Friday, September 02, 2016

Genocidal Intent

"We want to take them out of here. There are only bones left. But they said, 'No, they have to stay there, a committee will come and exhume them later."
Rasho Qassim, Sinjar, Iraq

"I have lots of people I know there. Mostly friends and neighbours."
"It's very difficult to look at them [within the mass burial mound] every day."
Arkan Qassem, Gurmiz village

"They are beheading them, shooting them, running them over in cars, all kinds of killing techniques, and they don't even try to hide it."
Sirwan Jalal, director, Iraqi Kurdistan agency of mass graves

"I was No. 43. I heard them say '615', and then one ISIL guy said, 'We're going to eat well tonight'. A man behind us asked, 'Are you ready?' Another person answered 'Yes', and began shooting at us with a machine gun."
A.S., survivor of Hardan massacre; Human Rights Watch account
A Yazidi mass grave in Sinjar, in Iraq© Ari Jalal
A Yazidi mass grave in Sinjar, in Iraq    © Ari Jalal / Reuters 

Wherever Islamic State militias stormed towns and villages in Iraq they left companions for the Angel of Death, in abundance. In Sinjar district, traditionally home to Yazidi tribal peoples, an ancient people worshipping an ancient religion despised by Muslims, Islamic State massacred thousands of Yazidis. Those who could, fled. They fled from Sinjar city up Sinjar mountain to escape the deadly predation of the Islamic State.

ISIL slaughtered the Yazidi men and the boys, retaining Yazidi women and girls  to be taken as slaves for barter and for sex slaves in accordance with Koranic injunctions sanctifying the use of women from conquered tribes as concubines. Now that Islamic State is being routed from many of the towns and villages they took possession of as part of their declared caliphate, mass graves are being discovered, in them thousands of skeletons of their victims.

Bones, suspected to belong to members of Iraq's Yazidi community, are seen in a mass grave on the outskirts of the town of Sinjar, November 30, 2015 © Ari Jalal

One young man recounted having watched through binoculars as Islamic State terrorists lined up men with their hands tied, leaving them unable to do anything to save themselves, as they were gunned down and piled into the waiting mass gravesites; buried with the help of a bulldozer. It took, he said, six days for the jihadists to fill one grave after another. He watched his friends and neighbours die. There are five mass graves at the foot of Sinjar mountain, resulting from the attack in 2014.

Those five represent a small proportion of the mass graves scattered in the geography of Iraq and Syria. A survey undertaken by the Associated Press has identified 72 mass graves, but it is expected that many more will be revealed, linked with the ongoing retreat of Islamic State from their shrinking caliphate. Locations have been identified in Syria of 17 mass graves, one of which holds hundreds of skeletons representing a single tribe, exterminated when their region was inundated by ISIL.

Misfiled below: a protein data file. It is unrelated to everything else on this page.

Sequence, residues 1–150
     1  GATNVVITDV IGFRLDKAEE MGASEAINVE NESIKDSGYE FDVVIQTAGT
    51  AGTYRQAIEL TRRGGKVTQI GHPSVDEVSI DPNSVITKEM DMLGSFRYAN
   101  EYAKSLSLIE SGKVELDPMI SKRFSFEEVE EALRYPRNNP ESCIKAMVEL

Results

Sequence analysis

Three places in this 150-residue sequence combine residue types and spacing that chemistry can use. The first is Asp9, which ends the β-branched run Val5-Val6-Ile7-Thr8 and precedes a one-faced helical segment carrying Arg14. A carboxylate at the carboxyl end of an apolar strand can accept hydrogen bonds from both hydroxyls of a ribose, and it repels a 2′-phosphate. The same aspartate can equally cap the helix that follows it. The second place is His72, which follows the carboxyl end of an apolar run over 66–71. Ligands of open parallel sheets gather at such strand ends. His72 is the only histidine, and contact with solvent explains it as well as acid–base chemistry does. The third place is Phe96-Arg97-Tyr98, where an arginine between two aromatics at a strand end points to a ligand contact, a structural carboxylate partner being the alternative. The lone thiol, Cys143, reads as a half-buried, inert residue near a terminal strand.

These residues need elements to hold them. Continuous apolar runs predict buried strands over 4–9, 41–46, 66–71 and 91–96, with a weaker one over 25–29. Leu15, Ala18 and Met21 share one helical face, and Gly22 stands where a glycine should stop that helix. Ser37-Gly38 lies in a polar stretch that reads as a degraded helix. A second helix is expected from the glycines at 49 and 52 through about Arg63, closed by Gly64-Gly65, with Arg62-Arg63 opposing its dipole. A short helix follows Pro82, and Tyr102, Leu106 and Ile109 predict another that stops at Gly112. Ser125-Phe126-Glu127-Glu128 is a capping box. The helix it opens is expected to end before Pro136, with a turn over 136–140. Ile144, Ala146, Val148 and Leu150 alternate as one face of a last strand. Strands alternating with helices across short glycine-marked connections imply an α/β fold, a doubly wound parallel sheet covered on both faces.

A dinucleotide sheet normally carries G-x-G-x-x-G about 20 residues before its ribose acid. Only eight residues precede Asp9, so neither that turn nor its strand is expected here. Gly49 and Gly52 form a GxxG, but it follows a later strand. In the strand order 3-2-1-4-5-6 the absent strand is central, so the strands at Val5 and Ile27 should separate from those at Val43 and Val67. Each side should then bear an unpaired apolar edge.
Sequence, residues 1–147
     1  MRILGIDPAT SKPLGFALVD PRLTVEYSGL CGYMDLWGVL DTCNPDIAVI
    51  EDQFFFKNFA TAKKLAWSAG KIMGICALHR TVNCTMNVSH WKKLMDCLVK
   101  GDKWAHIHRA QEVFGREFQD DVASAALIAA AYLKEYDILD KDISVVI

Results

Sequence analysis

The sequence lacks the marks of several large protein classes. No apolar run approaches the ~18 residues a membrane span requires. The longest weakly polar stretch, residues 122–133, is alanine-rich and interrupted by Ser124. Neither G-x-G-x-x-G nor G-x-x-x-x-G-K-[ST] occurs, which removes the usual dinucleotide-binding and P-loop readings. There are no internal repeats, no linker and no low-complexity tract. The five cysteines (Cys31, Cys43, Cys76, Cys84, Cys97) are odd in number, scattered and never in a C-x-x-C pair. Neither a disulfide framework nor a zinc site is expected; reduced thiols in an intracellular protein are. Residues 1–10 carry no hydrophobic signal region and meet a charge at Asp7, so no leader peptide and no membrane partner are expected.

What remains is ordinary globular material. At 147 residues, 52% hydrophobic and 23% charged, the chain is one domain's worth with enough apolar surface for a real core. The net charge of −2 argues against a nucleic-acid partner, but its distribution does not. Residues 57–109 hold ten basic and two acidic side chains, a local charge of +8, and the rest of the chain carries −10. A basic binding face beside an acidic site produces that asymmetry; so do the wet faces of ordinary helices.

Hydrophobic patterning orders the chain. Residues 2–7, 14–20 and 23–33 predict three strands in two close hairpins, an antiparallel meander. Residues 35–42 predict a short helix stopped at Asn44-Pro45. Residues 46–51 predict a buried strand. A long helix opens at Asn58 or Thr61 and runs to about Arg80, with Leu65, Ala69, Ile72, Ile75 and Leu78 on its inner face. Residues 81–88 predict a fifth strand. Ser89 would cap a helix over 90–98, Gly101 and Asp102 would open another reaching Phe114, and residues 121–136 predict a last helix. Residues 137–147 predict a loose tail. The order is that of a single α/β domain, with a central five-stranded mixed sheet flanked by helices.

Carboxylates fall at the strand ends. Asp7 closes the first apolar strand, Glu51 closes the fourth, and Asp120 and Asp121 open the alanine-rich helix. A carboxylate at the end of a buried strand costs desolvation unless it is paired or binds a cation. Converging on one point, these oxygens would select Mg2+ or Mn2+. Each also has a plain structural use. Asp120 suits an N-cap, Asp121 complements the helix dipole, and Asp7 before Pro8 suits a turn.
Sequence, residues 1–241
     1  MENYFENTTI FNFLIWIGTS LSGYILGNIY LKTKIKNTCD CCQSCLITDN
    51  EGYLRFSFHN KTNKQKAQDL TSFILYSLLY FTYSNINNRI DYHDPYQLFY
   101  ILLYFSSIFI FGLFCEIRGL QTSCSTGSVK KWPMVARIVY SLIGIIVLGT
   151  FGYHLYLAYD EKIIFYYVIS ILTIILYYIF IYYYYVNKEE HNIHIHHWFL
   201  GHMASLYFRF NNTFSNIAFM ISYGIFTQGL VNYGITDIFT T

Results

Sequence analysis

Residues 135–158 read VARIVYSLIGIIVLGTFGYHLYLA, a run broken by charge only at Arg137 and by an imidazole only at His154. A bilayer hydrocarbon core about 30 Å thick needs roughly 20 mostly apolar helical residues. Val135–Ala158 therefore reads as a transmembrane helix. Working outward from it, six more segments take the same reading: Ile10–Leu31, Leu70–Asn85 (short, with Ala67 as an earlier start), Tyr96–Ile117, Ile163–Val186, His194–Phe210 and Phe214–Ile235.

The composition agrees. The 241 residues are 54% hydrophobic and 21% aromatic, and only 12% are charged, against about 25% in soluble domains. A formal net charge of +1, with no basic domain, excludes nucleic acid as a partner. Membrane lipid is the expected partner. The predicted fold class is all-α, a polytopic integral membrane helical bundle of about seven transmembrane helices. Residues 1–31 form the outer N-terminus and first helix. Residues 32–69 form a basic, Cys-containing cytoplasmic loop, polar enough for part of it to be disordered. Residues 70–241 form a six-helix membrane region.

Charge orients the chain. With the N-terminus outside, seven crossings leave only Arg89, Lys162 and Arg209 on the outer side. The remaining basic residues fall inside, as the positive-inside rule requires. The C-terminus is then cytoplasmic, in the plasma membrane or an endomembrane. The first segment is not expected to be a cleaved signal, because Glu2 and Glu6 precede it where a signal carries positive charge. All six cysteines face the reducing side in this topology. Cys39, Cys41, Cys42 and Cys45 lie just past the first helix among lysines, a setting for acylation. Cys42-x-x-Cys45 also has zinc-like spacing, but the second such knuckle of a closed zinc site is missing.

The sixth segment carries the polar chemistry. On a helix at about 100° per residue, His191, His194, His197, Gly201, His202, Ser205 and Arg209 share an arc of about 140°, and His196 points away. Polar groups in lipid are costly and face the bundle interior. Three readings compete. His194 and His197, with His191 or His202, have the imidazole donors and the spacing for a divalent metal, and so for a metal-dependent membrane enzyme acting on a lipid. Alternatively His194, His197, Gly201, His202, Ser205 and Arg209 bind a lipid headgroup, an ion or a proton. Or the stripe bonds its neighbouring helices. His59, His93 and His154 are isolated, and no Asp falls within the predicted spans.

Satellite images offer a view of the city of Mosul's Badough Prison which in June of 2014 fell to ISIL which then slaughtered 600 inmates. This is the large city whose central bank released almost a billion dollars to ISIL when it embarked on its looting spree. Arkan Qassem had seen Gurmiz, his village, raided, with everyone fleeing up the mountain. He and nine other men returned to their village armed with light weapons.

A bulldozer's headlights shone brightly, illuminating handcuffed men being killed and the bulldozer then plowing the bodies. It took six days of three more groups to fill the graves. At Ramadi, close to a stadium, graves are covered over with a thin earth coating. When the prison inmates were slaughtered they were first separated by religious sect; Shiites were counted off by the Sunni jihadis. Some managed to survive by playing dead.

4 Mosul
Satellite images show likely burial site for victims of June 2014 Badoush Prison massacre. Up to 600 bodies could be packed into a roadside trench

5 Tikrit
Isis overran Camp Speicher airbase in June 2014, killing more than 1,500 army cadets and dumping the bodies in mass graves

6 Fallujah
In June 2016 the Iraqi army found a grave containing the bodies of 400 Iraqi soldiers killed during the two-year Isis occupation of the city

1 El-Horta
Hundreds of victims were found buried north-west of Raqqa, the de facto Isis capital

2 Abu Haman
Isis killed up to 1,000 members of the Shaitat tribe when they took territory near Deir ez-Zor in August 2014. Local residents found a grave containing 400 victims

3 Sinjar
Six sites containing more than 100 bodies found on Mount Sinjar where Yazidis tried to escape Isis advance in August 2014
Guardian graphic

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